Photo by Steve Granitz
I'm posting a two-in-one today, as I've got my review for the last of my Four-Legged Friends Reading Challenge on the very last day. Just squeaking it in there.
As I've mentioned before, I read mainly on the bus to and from work - and that's it. And I read while waiting for said bus, and of course including the ferry with the public transportation. Actually, I got used to writing my own book during this commute, because that gives me two extra hours of writing per day. But when I decided to take up Kailana's challenge, I had to give some of my writing time over to reading.
And then I was part of Christine's Mid-Winter Kick in the Pants writing challenge, so I was pretty much stuck between a rock and a hard place.
But I breezed through Lilian Jackson Braun's The Cat Who Sang For the Birds. I borrowed it from my sister, who is a big fan of The Cat Who... series. It felt wonderful to settle into a literary world where I know my sister enjoys spending time. She's told me about the two main cats before, Siamese crime solvers Koko and Yum Yum. They're not magical creatures like the Firebird from my last reading challenge book. Nor can the main human character suddenly hear them speak to him in his mind, like magically-gifted Ilya.
These two cats are just cats, with in-depth cat behaviour in a contemporary mystery set in a small town in Moose County, '400 miles north of everywhere.' I had to look Ms. Braun up in Wikipedia to see if she ever states where Moose County is, in any of her other books, but apparently she never does. But it seems she's modelled Moose County after towns in the Upper Peninsula of Michigan, since she once wrote for the Detroit Free Press. Being a former resident of Michigan myself, that just makes her all the more appealing.
The main character is Jim Qwilleran, former journalist and current columnist for the local Moose County paper. Generally, I shy away from contemporary novels, but this book follows the quirky-small-town feel of some of my favorite indie films. Like Local Hero, or TV series like Twin Peaks or 90's Scottish series Hamish MacBeth with Robert Carlyle.
Through Qwilleran, who knows a whole host of residents in Moose County, we're introduced to Polly, his lady friend; Celia, his neighbor who always makes extra when she cooks for herself and delivers it to his freezer, while squeezing juicy gossip from townsfolk when he needs clandestine information; Rollo, farmer and fire fighter whose 9-yr-old son out-spells the city in a spelling bee; Beverly, the manager of the new art center; and Phoebe, the young artist who paints butterflies.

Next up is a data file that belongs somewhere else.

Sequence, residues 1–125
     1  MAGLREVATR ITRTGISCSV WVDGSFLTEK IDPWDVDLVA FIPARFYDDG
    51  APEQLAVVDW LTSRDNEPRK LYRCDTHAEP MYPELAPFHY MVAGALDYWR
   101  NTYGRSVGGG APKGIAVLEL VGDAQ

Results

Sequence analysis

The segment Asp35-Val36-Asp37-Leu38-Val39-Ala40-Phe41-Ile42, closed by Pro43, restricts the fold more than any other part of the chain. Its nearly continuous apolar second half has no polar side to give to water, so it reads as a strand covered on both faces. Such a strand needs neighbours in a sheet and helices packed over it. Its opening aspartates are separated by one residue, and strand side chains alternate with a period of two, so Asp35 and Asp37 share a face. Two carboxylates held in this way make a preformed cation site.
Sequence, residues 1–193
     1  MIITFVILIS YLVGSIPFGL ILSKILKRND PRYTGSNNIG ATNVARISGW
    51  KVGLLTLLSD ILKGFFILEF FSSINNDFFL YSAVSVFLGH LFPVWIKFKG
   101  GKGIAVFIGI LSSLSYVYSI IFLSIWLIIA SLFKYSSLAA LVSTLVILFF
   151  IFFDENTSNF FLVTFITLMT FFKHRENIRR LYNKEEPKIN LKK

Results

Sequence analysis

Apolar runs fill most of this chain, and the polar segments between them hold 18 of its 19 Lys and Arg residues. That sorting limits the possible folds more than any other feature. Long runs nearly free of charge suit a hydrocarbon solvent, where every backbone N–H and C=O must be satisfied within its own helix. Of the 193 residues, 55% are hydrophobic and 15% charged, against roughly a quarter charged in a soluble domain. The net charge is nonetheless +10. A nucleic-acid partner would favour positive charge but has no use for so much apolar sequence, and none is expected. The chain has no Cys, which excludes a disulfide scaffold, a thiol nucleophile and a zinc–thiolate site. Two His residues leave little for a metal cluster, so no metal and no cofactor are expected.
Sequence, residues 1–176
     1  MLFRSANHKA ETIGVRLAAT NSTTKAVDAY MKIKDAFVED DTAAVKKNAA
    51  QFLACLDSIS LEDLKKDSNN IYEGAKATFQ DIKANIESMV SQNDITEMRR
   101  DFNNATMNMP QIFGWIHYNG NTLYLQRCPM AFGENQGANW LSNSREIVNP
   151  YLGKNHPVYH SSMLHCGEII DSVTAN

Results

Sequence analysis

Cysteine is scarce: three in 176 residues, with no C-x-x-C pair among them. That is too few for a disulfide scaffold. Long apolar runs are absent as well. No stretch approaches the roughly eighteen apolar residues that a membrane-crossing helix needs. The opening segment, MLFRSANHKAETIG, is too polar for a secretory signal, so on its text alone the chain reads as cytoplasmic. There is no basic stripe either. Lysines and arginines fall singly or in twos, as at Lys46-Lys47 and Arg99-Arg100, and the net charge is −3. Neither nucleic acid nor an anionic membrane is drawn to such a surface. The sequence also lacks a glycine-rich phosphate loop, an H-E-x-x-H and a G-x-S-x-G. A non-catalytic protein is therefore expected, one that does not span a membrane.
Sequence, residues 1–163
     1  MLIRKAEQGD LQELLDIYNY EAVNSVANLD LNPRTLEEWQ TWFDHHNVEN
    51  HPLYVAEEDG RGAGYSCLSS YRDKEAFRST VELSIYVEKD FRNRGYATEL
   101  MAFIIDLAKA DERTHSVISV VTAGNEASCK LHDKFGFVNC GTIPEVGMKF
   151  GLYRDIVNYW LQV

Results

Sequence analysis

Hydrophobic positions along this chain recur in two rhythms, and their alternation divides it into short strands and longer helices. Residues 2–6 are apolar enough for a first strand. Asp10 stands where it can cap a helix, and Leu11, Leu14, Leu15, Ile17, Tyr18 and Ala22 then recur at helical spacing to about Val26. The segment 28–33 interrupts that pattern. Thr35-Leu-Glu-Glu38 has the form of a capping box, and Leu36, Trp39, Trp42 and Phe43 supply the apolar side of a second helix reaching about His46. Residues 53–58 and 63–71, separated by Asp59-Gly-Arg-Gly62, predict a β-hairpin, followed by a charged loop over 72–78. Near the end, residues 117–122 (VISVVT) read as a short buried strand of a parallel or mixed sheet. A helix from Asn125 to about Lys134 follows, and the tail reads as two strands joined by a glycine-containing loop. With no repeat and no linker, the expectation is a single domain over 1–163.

I really enjoyed the local uproar in their city of Pickax between the art center and the farmers over the mud tracked onto the art center parking lot. There was a lot of plot that centered around art, and what could be better than that if I'm reading a contemporary?
The cats are wonderful characters. Koko especially has a sixth sense which he uses to let Qwilleran know important details whenever he's trying to get to the bottom of something. Being very in tune with my own dog, who lets me in on secret doggy info, I really relate to their relationship.
Here's an excerpt. Enjoy!
"In what remained of the evening, Qwilleran read aloud to the Siamese, one of their favorite pastimes, especially before bedtime. It was Koko's responsibility to make the literary selection. They never read one title from cover to cover but sampled a chapter of this book or that. Qwilleran suspected they all sounded alike to his listeners, and he himself liked dipping into books he had read before. It was like running into an old friend on a streetcorner.
On this occasion Koko sensed new acquisitions from Eddington's bookshop. After serious sniffing of the three World War II titles, he dislodged Fire Over London, and Qwilleran caught it before it landed on the floor. As usual he stretched out in his lounge chair with his feet on the ottoman and Yum Yum on his lap, while Koko sat attentively on the wide arm of the chair. It was a toss-up whether the familiarity of this ritual was more comforting to the cats or the man.
After the reading session the Siamese had their usual nightly snack and then went up the ramp to their room on the third balcony. Their door was left open, since the addition of the bird garden, to accommodate their early-morning bird-watching through the foyer windows. The door to his suite was closed to prevent furry bodies from crawling under his blankets.
It was a clear night. The weather was calm. The stars were bright. Sometime during the small hours Qwilleran was jolted awake by a thumping against his door, followed by unearthly howling. He jumped out of bed and yanked open the door.
'Oh, my God!' he yelled, dashing to the phone.
The large windows on the east side of the barn framed a horrifying sight: a night sky turned brilliant orange! He punched 911."
Lilian Jackson Braun, The Cat Who Sang for the Birds, 1998